Today, with digital games being normal, sharing your games isn’t as easy as giving your friend a record. You may have encountered the PlayStation 4 status, even if you download a game from the console, you can’t play it because the license is technically owned by another user. The PlayStation 5 It has a similar hurdle, but you can fix it through system settings.
The configuration option you’re looking for is specifically “share console and play offline”. Make sure you’re signed in to the console with your account and not someone else. Then follow these steps:
- Enter your settings.
- Go to the “Users and Accounts” menu.
- Scroll down to “Others.”
- Click “share console and play offline.”
This should open a submenu that allows you to enable or disable console sharing. By default, after testing the PS Plus with two accounts, the setting seems to be automatically enabled when you log in first.
What is this for?
Those familiar with the PS4 concept “primaryThey will know how it works. If you turn on console sharing, any other account on that system can play downloaded games, even if the console is disconnected from the Internet. As with a primary PS4, you can enable console sharing for a PS5 at the same time. (Don’t worry: Turning on PS5 console sharing won’t affect a PS4 you named on the first console.)
Here’s how it works: An example, Joel, is the first time he’s joined a PS5. Download Ghostrunner, a great game cyberpunk One More Level, and allows console sharing; then he goes, I don’t know, to play the guitar and reflect. The second person, Ellie, logs in. At that moment, Ghostrunner download complete. The game has sparked Ellie’s interest, and although she hasn’t bought it, she can play it because it was downloaded to the console that Joel allowed her to share.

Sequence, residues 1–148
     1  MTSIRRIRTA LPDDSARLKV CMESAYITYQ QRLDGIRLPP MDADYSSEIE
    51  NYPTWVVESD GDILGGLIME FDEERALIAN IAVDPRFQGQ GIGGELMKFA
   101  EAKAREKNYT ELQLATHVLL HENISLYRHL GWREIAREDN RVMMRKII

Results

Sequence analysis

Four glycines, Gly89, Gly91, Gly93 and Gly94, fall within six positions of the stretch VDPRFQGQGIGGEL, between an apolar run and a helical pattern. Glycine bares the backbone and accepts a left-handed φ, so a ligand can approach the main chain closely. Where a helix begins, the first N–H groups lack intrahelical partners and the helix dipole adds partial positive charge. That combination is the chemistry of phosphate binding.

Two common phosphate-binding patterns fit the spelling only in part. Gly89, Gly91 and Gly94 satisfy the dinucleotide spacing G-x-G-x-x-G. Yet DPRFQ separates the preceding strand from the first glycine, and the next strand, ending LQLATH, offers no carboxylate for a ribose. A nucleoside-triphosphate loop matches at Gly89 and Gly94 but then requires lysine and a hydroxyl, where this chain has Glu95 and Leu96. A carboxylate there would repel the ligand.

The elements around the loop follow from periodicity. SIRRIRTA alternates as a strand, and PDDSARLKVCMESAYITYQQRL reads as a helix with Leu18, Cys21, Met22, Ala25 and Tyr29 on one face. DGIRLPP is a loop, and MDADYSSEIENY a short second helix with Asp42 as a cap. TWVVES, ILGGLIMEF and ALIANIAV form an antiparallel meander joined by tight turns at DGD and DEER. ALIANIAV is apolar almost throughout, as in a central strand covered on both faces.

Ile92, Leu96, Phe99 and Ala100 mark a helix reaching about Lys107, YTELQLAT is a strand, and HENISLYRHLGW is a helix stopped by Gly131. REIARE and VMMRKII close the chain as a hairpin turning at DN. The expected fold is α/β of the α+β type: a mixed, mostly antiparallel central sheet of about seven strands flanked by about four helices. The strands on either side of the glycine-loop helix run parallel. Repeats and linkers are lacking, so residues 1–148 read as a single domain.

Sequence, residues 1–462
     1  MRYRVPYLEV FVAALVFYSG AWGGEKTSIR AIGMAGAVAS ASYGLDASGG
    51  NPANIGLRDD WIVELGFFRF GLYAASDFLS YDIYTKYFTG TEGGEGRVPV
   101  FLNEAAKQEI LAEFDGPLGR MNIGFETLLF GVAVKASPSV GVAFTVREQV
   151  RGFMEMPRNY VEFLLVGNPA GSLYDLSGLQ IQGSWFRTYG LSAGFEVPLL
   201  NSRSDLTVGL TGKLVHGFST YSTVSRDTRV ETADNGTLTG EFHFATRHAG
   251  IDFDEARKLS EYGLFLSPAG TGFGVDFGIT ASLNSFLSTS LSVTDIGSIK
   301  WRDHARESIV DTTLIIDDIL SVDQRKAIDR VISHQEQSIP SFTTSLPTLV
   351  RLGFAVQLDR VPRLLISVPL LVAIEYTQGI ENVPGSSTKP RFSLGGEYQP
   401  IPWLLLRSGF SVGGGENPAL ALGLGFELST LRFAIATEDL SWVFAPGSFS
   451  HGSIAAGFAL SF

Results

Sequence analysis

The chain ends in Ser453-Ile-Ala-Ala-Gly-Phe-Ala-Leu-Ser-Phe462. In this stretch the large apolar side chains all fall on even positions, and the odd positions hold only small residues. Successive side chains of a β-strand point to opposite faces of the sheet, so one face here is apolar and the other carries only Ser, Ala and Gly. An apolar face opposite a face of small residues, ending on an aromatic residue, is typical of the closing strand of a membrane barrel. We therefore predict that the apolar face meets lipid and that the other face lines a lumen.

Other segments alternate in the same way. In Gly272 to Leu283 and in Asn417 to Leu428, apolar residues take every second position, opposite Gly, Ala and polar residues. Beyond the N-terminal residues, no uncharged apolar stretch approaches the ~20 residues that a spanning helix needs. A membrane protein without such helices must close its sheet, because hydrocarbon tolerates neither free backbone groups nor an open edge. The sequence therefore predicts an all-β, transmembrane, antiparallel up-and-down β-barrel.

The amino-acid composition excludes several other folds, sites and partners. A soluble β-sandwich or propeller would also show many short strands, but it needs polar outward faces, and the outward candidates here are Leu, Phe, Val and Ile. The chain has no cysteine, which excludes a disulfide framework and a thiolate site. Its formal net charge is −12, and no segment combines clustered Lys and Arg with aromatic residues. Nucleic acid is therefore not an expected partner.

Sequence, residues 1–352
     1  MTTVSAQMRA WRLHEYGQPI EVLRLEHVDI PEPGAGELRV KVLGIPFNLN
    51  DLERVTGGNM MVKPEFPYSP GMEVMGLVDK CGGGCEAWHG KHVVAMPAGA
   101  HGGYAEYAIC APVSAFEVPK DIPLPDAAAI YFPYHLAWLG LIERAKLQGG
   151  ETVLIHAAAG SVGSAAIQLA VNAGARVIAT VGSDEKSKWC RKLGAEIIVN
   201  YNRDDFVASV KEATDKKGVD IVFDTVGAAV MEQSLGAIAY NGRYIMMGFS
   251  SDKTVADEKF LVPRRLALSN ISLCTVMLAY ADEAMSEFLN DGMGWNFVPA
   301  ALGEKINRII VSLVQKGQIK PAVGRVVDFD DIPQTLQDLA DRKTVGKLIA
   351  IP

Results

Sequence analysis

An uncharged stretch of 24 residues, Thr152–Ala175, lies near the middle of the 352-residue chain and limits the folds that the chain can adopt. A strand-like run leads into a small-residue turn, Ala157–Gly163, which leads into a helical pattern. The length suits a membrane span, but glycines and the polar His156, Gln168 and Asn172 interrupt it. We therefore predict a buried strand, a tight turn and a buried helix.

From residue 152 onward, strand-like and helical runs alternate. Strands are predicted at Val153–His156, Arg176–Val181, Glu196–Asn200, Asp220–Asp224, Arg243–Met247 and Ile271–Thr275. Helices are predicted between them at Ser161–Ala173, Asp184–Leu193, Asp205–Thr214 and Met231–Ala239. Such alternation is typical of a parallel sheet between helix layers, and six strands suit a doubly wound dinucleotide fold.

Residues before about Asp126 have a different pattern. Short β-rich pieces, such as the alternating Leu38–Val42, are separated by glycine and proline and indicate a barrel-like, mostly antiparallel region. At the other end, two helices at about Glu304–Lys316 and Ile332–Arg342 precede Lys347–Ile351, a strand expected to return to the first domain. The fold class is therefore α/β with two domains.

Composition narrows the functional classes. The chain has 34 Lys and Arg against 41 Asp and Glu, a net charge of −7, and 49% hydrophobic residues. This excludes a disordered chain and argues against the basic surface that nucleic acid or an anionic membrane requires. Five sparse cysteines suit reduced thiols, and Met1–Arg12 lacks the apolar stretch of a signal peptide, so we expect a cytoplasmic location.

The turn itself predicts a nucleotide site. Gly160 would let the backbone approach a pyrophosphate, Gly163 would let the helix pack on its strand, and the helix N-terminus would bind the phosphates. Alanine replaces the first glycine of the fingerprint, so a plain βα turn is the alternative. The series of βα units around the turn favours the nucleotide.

On the contrary, Joel can’t play Spider-Man: Miles Morales. Yes, Ellie downloaded the new Insomniac game to the internal storage of the PS5, but she disabled console sharing, so Joel is stuck. To play, you should purchase your license or convince Ellie to enable (or re-enable) console sharing and offline playback.
In other words, “console sharing and offline playback” is pretty much what the “mainstream PS4” was for the PS4. Yes, an account can have the first PS4 and the first PS5 active at the same time.
Anything else I need to know?
On the PS4, you can turn the main console on and off as often as you want, as long as you do it on the console, for example, rather than from the browser. (If necessary, you can remotely turn off the main console via the Sony website.) Because of the 19 kobid pandemic that turned the world upside down, I’m trapped in my home. Because of this, I was unable to test what it means to switch your account between multiple PS5 consoles and exactly how many limits there are to enable or disable this setting.
However, the system did not warn me of any limitations. (On Xbox consoles, you can change a feature like “Home Xbox” only five times in a year. The console will tell you how many changes you have available). I have had no issues enabling or disabling console sharing on my PS5.
There also seems to be a limitation on the PlayStation Now, Sony’s subscription gaming service. Although I was able to share a console for two accounts, my roommate, who is not registered with the service, was unable to use my subscription. Every time you went to the PS Now menu in the game library, you were asked to subscribe before entering any games.
Beyond that, activating console sharing isn’t a bad thing. For those in a shared life situation, whether it’s with family, friends, or trusted people, activating settings is an effective way to share games across a user console. Or, if you have a $ 500 disc edition, you just need to insert the drive. That works, as always.